However, a survey in June found the English skills of most teachers in Vietnam were far behind such standards.

Nguyen Ngoc Hung, the project’s executive manager said, however, no teachers would be sacked if they are not qualified because “we already know most of them are not qualified.”

According to reports by local media, of the 700 teachers of Ben Tre Province who had been tested, only 61 got the required score.

The education ministry said that in one province, which could not be identified, the pass rate was as low as one in 700.

Hung said 97 percent of high school teachers, and 93 percent of elementary and secondary school teachers failed to achieve B2 in the recent English tests and 17 percent of elementary school teachers tested only achieved a beginner's level.


From the article -

"According to the plan, each Filipino teacher will be paid VND40 million (US$1,920) per month to teach 35 periods per week, including 20 inside the class and the rest in outdoor activities."

Wait...wait....wait....

You're paying how much for a Filipino to teach English in your public schools??!!!??

That amount seems awfully high for a Filipino.....I'd guess for HCMC, that's even slightly higher than a Viet Kieu. I'd love to be the fly on the wall during pay packet day on the 31st and have a peek at HOW MUCH IS REALLY in their envelopes.....I'm wondering how much of that pay packet gets kicked back to somebody high up in Education and Training?

....and then there's - "The principal of another primary school in HCMC said she has hired foreign English teachers based on her own criteria.

'They must have blond hair, white skin and blue eyes. They must respect Vietnamese teachers and students as well,' she said"


I literally mistook that last statement from something published in The Onion.
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TRH



Joined: 27 Oct 2011
Posts: 188
Location: HCMC

PostPosted: Wed Nov 14, 2012 2:43 pm    Post subject: Rate per hour Reply with quote

From the article provided by Mark: "According to the plan, each Filipino teacher will be paid VND40 million (US$1,920) per month to teach 35 periods per week, including 20 inside the class and the rest in outdoor activities." I'm not sure what they mean by "outdoor activities" but it these teachers have a full 35 periods at 45 minutes a period they will be teaching 26 hours a week. At $1920/month their weekly pay will be $443/week or $17/hour. If they have only 20 actual class periods or 15 hours/week the pay rises to $29/hr.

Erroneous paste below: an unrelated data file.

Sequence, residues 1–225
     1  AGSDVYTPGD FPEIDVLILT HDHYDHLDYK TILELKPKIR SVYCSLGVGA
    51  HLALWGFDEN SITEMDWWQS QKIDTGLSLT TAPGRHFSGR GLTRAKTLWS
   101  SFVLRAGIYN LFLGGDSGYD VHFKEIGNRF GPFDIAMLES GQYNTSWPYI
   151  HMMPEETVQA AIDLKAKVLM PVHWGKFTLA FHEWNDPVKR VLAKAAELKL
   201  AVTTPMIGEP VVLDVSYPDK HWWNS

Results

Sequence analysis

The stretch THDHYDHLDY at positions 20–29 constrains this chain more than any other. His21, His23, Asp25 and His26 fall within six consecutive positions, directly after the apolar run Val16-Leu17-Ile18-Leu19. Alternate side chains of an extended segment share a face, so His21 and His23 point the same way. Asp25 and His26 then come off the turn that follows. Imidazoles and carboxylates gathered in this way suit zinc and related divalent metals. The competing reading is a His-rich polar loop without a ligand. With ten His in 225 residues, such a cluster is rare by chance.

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spycatcher reincarnated



Joined: 19 May 2005
Posts: 231

PostPosted: Wed Nov 14, 2012 4:28 pm    Post subject: Reply with quote

TRH

We need to know how they will be paid for school holidays for your numbers to mean much. I.E. if their salary is 480,000,000 vnd a year then the cost per contact hour will be considerably higher.

Whatever their salary is there will also be additional costs associated with employing them. Who is going to pay for these?
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mark_in_saigon



Joined: 20 Sep 2009
Posts: 767

PostPosted: Wed Nov 14, 2012 5:16 pm    Post subject: there has been a lot of chatter online about this story Reply with quote

there has been a lot of chatter online about this story from various sources. Speculation is that this is not so much a real situation, but more a propaganda event of some sort. Clearly the underlying assumptions of the story, which are that western native speakers demand 5 to 10 grand a month for this work, are not even close to reality. The logic is then that the Filipinos are a better price at 2 grand per month. As the assumptions are total bull, anything else related to the overall story should be viewed with deep skepticism. There is another story where some of the western teachers wrote in and debunked the story, as everyone who weighed in here did as well. I did not link that, the $10,000 per month number is obviously crazy. Equally obvious that you can get all the Filipinos you want for a lot less than 2 grand per month, native wages there are in the same ballpark as native wages here. Most of the western teachers are not grossing 2 grand per month, as we all know.